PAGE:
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Nuclear colonialism

Panel Discussion

4/06/24 7pm

Free – £5.00

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Join us for a panel with David Burns, Samia Henni, Alisher Khassenaliyev and Maïa Tellit Hawad to discuss historic and ongoing impacts of nuclear colonialism, toxicity, and extraction. Departing from our current exhibition Performing Colonial Toxicity the conversation will draw attention to histories and impact of nuclear weapons testing, producing and disposing across multiple geographies, in particular the Sahara, Kazakhstan and Maralinga (South Australia). The panelists will discuss the continuing struggle for justice against nuclear colonialism and its disproportionate impacts on Indigenous peoples.

David Burns works in media and space. His current research examines the role of media in the histories of sites of nuclear and military colonialism. He has written and lectured extensively on the Woomera Rocket Range in South Australia, specifically the British nuclear tests from 1956-63 at Maralinga, tracing the histories of Maralinga via its evolving and highly mediated landscape, the trauma of repeated acts of colonisation, and the devastating effects on Indigenous peoples and their communities. For two decades David has written and led transdisciplinary curricula in architecture, art, and design and currently leads Media Studies at the Royal College of Art School of Architecture in London.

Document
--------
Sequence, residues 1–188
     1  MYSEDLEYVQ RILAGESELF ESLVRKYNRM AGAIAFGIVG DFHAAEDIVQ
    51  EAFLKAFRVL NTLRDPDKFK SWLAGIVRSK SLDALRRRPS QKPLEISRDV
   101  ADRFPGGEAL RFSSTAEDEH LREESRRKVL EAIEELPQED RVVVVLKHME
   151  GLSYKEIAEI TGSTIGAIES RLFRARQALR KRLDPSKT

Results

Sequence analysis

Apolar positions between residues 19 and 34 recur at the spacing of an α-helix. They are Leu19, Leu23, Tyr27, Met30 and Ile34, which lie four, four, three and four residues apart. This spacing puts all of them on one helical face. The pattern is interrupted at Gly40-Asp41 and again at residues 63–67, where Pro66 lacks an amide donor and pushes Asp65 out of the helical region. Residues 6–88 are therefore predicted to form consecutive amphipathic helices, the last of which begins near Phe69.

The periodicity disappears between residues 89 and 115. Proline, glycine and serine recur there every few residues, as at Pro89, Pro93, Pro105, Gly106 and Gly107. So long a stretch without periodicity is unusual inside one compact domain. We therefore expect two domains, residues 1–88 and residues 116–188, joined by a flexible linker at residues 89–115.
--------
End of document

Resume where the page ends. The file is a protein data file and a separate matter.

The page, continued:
Samia Henni is an architectural historian, exhibition maker and educator. Working through textual and visual strategies, her practice interrogates histories of the built, destroyed and imagined environment – those produced by processes and mechanisms of colonisation, forced displacement, nuclear weapons, resource extraction and warfare.

Alisher Khassengaliyev is a Kazakh decolonial anti-nuclear activist and emerging political scientist currently pursuing an international relations degree at the Kazakh-German University. His focus lies in applying a decolonial lens to Kazakhstan’s foreign and nuclear policy. Alisher is one of the founding members of the Steppe Organization for Peace (STOP): Qazaq Youth Initiative for Nuclear Justice.

Maïa Tellit Hawad is a French-Tuareg researcher based in Marseille. Trained as a philosopher, her research revolves around the imaginaries of the Sahara in french africanist sciences and the intersection of colonial, racial, and geographical logics within the current administration of central Sahara. Her recent work focuses on nomadic becomings in contemporary Tuareg societies.


Photos by Bruno Barrillot of France’s nuclear sites in Reggane and In Ekker in the Algerian Sahara, taken during a trip with filmmaker Larbi Benchiha and his team in November 2007. Courtesy Observatoire des armements, Lyon, France.


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